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Lilacs in the Snow: a fictionalized memoir of survival.

Byline: The Book Reviewer

Title of Book: Lilacs in the Snow: A Novel

Author: A. K. Henderson

Publisher: CCB Publishing

Date of Publication: 2011

Page Count: 337

Lilacs in the Snow: A Novel is a fictionalized memoir by A.K. Henderson. Through the streets of Montreal in winter, a story of an impoverished Jewish family and the violence experienced by a young girl from her father. This coming of age novel is set in the years just after the Second World War, 1945 to 1958 juxtaposed with the “present”. Lilacs in the Snow is A.K. Henderson’s first novel, she is a Poet, writer, woman medical practitioner, and educator.

This is a remarkable novel of truthtelling, survival of poverty and domestic violence and the healing of time. The entire story revolves around the young girl Caasi’s violent relationship with her father, she does not think he loves her, how the father has a soul destroying past, in the army at the battle of Dieppe (World War II) he developed pneumonia and could not serve while most of his compatriots were murdered on the battle field. He tells her “men were killed, never to come home again. I could not quite grasp why he was frustrated and unhappy to be safe at home. I’m enraged, don’t you understand, because I never went! Cela ne fait rien, je t’assure. I should have been there.” He is sick in his soul and does not forgive himself, taking out his anger and angst on first his wife and then on Caasi. The father is in impoverished circumstances for work, he has a lot of bills and “snarled at my mother. The snarls turned to rage, cold rage, hot rage, wicked rage. The violence erupted in violcanic fury. A stream of molten rock gushed from the crater of my father’s irrational anger. We were swallowed up.” Caasi explains “For my father, the fiends were always lurking like a pack of mad and hungry dogs, fate playing its trickery and denying him his triumphs.” As well as the violence, there are good times, “he was unusually cautious retrieving lost mittens, tugging on boots, tethering and bundling arms and legs” on a winter sledding trip. There are other good memories including the family dinner of Passover Holiday with family at her grandmothers, a trip to the country with her mother, a trip to Old Orchard Beach in Maine with her father, an anonymous man gives her rides to and from school until he becomes too insistent and she slips away.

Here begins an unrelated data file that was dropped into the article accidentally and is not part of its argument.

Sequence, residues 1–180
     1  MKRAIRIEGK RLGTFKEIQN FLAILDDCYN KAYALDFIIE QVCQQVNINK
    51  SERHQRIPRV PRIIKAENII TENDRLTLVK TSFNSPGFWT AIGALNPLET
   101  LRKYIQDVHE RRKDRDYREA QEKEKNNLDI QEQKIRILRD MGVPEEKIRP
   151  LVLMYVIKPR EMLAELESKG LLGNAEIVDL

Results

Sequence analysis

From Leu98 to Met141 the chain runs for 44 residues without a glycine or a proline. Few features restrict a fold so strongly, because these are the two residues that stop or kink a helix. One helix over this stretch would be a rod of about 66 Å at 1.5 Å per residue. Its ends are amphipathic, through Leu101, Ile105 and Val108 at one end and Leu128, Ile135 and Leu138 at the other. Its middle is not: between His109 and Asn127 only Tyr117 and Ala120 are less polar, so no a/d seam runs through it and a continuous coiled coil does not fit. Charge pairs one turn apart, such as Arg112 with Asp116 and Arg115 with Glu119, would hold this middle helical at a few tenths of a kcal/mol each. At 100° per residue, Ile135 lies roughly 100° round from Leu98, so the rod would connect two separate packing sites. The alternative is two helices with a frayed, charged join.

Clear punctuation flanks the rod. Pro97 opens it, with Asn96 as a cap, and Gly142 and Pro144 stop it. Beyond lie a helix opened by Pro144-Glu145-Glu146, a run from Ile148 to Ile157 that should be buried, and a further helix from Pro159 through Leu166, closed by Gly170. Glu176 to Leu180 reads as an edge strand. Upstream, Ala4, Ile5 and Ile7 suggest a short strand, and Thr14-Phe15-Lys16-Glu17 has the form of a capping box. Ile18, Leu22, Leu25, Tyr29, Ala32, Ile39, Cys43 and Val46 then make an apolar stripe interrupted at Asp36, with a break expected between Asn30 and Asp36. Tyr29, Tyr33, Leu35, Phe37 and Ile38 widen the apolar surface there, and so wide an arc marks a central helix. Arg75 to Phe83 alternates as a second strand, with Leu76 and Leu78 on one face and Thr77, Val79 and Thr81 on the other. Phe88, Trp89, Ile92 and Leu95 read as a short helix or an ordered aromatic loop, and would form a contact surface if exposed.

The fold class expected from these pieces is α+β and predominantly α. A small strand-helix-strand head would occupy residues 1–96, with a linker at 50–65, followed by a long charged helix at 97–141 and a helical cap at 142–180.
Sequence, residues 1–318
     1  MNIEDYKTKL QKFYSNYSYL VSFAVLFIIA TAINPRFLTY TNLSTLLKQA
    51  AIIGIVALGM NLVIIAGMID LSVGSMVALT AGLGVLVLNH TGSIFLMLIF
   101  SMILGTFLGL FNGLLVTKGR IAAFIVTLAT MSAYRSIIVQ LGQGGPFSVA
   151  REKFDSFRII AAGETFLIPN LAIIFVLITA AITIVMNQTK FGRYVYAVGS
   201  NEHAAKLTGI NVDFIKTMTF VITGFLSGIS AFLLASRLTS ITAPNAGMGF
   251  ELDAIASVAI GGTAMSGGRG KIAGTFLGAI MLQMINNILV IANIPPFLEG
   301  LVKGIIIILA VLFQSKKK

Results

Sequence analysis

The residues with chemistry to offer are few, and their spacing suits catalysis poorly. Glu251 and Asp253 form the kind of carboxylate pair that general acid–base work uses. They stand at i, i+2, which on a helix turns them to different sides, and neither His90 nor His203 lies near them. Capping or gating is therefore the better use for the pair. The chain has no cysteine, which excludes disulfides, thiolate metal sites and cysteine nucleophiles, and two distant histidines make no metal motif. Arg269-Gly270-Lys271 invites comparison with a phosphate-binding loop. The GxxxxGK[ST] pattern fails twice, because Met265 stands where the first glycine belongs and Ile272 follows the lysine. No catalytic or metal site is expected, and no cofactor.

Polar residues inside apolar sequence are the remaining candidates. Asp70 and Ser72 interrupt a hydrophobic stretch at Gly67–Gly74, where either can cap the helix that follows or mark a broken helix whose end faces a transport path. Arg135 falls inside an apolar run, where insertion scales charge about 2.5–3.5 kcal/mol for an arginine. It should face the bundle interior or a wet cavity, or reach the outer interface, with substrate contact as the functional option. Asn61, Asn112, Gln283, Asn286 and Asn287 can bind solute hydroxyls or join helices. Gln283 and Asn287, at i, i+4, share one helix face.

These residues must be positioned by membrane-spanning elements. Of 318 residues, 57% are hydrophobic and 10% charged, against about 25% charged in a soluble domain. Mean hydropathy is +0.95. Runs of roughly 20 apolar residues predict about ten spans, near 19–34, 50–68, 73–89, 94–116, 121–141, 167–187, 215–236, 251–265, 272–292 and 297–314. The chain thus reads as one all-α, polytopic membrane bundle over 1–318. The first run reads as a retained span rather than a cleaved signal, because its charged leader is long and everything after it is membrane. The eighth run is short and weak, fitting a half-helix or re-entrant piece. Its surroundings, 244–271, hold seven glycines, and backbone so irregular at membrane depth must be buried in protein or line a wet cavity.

The father develops an at-home business fixing watches and making jewelry, her mother convinces him to open a storefront that fails, “poverty returned, linked to the family like the tarnished silver-plated chains.” The relationship of her parents is stressed, “when my father was present, their unspoken words alarmed and perturbed me. Not suspecting the real cause of my own wretchedness, I knew it only as an empty and hollow place, one that could not be filled.” Eventually her mother becomes withdrawn and throws herself into the river, committing suicide. The father transfers his rage from his now deceased wife to his daughter. A man spit gum into her hair, her father beat her, called her a whore and shaved the hair across the top of her head. Her father is punitive and controlling, he grabs her by her hair after talking to a friend made her late for lunch and drags her down the street and does not allow her to date when she gets older except for on the rare occasion who he chooses. He refuses to let her accept a scholarship to an American University.

Caasi is an observant child “I dragged out the time at the enamel tabletop playing with the breadcrumbs lining them up in battle formation to fend off the ever-encircling wolves with sharp teeth and nails.” She is held back in kindergarten, the Catholic children taunt her because she is Jewish, she is viciously pushed down on the ice when skating, she feigns an appendix attack that gets her operated on. At the dentist, the doctor pulls her aching tooth rather than fill it.

Her coming of age is marred by sorrow “pitiable and left forgotten in a desolate village, my transformed body flowered as my heart withered in the abandonment of my mother’s affection.” Her father’s fortunes change, he makes some shrewd investments and takes up gambling. She secretly dates some boys, goes to university and is quite gifted, has revenge on the Schulman family, “I was my father’s daughter afterall” finds some summer employment and heads west to escape from this abusive relationship.

The story is well written in the first person voice of Caasi the child and rich in detail and psychological observations, the entangled relationships of a family – the things that children can’t guess at, do not understand (articulated through time) and the nature of poverty. The writing borders on poetic prose, “Overhead, dark birds streaked across the dark sky unassailed by the squall” and is a contemporary fiction novel by a woman writer, reminiscent of a fledgling Alice Munro. The titles of the chapters are an eclectic mix of quotes from famous and less famous authors, Lord Alfred Tennyson, O.W. Holmes, Robert Graves, Thackeray (Vanity Fair), G.B. Shaw, Brother Antoninus, T.S. Eliot, John Donne, Elizabeth Barrett Browning, Winston Churchill, Longfellow, Le Roi Jones, The Torah amongst others, an impressive array of reading.

This writer was humbled by the very powerful truth-telling, a coming of age story that wrestles with violence and survival in the face of demons, Lilacs in the Snow: A Novel.

Available @ Amazon Canada.

Available @ Amazon United States.

Available @ Amazon United Kingdom.

Genre: Contemporary Fiction, Fiction, Women's Literature

The Book Reviewer

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